The key question Season One asked was, “how much sin can you live with?” Season Two’s first episode doesn’t stray far from that question. No one is free of sin, everyone probably thinks there is a line they won’t cross, and everyone is probably kidding themselves. It’s fun to see how the actors are used in Boardwalk Empire. As Alan Sepinwall notes, when you cast Michael K. Williams in a part, you know the audience will think of Omar. So when Chalky White is put in a frightening position, it strikes us especially hard, because we think Omar wouldn’t put up with it. (It’s something like when Clay manhandled Gemma in a recent episode of Sons of Anarchy … Katey Sagal seems so strong, we forget she can be scared, just like anyone.) Gretchen Mol has had so many rumors follow her career that there is an extra touch of creepiness when she talks about kissing her baby son’s winky when she changed his diapers. And, of course, you have Steve Buscemi in the Tony Soprano role, which really needs no further comment.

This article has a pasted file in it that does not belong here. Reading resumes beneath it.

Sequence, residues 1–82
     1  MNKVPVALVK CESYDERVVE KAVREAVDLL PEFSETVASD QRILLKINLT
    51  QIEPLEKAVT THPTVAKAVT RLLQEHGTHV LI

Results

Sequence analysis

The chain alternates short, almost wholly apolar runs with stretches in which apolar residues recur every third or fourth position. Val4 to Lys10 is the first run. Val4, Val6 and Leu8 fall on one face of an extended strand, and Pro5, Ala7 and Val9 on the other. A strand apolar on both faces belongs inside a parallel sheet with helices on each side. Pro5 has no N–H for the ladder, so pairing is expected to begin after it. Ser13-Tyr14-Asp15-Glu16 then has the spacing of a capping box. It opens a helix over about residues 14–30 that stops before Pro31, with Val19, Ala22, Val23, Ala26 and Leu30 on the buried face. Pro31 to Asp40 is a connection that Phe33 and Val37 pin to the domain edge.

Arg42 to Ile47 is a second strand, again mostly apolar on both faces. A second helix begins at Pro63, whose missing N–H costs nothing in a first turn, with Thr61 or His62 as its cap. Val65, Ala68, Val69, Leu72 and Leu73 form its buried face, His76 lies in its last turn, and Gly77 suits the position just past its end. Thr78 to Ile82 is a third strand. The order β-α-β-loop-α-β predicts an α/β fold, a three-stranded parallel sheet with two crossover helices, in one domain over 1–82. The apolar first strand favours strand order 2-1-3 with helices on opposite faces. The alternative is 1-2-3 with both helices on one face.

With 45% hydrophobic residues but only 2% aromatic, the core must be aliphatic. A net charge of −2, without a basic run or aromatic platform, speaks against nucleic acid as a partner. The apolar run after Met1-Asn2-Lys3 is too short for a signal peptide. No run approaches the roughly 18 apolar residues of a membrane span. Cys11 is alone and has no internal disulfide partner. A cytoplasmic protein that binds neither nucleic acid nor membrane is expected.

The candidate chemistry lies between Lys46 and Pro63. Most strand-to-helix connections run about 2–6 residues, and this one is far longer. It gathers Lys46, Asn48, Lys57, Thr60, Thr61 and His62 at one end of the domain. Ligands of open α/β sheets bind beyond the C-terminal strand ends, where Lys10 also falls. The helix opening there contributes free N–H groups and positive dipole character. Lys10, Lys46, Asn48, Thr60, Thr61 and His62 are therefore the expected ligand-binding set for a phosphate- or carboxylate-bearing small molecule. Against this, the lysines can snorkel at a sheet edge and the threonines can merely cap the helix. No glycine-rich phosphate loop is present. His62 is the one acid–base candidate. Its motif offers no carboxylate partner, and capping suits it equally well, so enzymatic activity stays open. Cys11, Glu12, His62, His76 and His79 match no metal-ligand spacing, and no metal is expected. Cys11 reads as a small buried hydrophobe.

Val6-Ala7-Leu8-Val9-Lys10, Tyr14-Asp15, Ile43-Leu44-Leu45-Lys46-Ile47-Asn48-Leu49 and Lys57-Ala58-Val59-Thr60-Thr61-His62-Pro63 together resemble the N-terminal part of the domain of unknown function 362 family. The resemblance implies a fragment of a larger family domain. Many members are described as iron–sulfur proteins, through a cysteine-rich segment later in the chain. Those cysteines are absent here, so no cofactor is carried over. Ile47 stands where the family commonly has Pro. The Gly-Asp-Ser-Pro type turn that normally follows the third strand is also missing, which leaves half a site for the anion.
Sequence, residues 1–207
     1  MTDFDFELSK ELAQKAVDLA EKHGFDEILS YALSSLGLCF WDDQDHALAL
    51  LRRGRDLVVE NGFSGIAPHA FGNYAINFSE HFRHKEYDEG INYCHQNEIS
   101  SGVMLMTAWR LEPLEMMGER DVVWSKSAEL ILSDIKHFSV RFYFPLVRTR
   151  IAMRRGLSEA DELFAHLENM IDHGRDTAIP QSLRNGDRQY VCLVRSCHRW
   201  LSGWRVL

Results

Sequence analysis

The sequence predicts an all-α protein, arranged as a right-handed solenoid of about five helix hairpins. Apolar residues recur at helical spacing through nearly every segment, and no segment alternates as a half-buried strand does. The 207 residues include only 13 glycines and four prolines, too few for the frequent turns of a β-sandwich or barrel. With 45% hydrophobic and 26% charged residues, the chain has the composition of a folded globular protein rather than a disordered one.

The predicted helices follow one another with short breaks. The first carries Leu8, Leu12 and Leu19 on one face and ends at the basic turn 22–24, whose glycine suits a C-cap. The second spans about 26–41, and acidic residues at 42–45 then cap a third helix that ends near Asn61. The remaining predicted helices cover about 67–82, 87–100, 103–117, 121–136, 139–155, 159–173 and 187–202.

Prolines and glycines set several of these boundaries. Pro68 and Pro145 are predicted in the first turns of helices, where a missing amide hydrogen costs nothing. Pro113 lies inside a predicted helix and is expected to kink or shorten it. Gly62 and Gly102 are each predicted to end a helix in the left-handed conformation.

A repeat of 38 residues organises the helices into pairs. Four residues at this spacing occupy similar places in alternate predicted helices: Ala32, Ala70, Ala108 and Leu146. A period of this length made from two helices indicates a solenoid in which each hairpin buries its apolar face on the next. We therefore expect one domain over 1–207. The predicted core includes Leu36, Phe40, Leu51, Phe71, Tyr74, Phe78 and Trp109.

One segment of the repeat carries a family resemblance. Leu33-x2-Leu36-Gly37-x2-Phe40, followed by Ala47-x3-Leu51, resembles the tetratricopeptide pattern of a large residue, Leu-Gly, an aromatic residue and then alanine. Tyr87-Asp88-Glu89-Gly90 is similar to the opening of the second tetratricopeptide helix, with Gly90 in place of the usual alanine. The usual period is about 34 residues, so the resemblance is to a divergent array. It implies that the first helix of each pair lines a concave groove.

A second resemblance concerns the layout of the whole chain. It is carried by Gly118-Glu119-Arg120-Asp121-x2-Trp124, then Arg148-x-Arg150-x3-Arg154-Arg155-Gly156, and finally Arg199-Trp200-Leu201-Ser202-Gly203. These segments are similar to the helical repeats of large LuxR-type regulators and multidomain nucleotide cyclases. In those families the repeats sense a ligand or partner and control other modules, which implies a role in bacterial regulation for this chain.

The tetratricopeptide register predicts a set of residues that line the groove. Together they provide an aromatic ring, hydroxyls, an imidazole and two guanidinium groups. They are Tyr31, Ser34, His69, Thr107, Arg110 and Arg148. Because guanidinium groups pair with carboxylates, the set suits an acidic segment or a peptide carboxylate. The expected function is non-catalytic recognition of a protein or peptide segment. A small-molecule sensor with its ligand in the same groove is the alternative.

Somehow it all works. I’m still not convinced this is a great show … the A- I gave Season One seems about right … but it manages to recreate a period without the fetishized feeling of Mad Men (a better series, but one which has a more complicated relationship to its time period), and if it’s slow moving, well, that really doesn’t bother me, or I wouldn’t have stuck with Rubicon. Like all the best season premieres, Boardwalk Empire launched the new season by building on the past while creating interesting scenarios to play out in the future.
Lastly, as I noted after the end of Season One, the production values seem closer to what we get in movies, and movie fans who consider watching TV to be a form of slumming would probably like Boardwalk Empire very much. But that’s not my problem. I’ll just enjoy listening to Kelly Macdonald talk. Grade for season premiere: A-.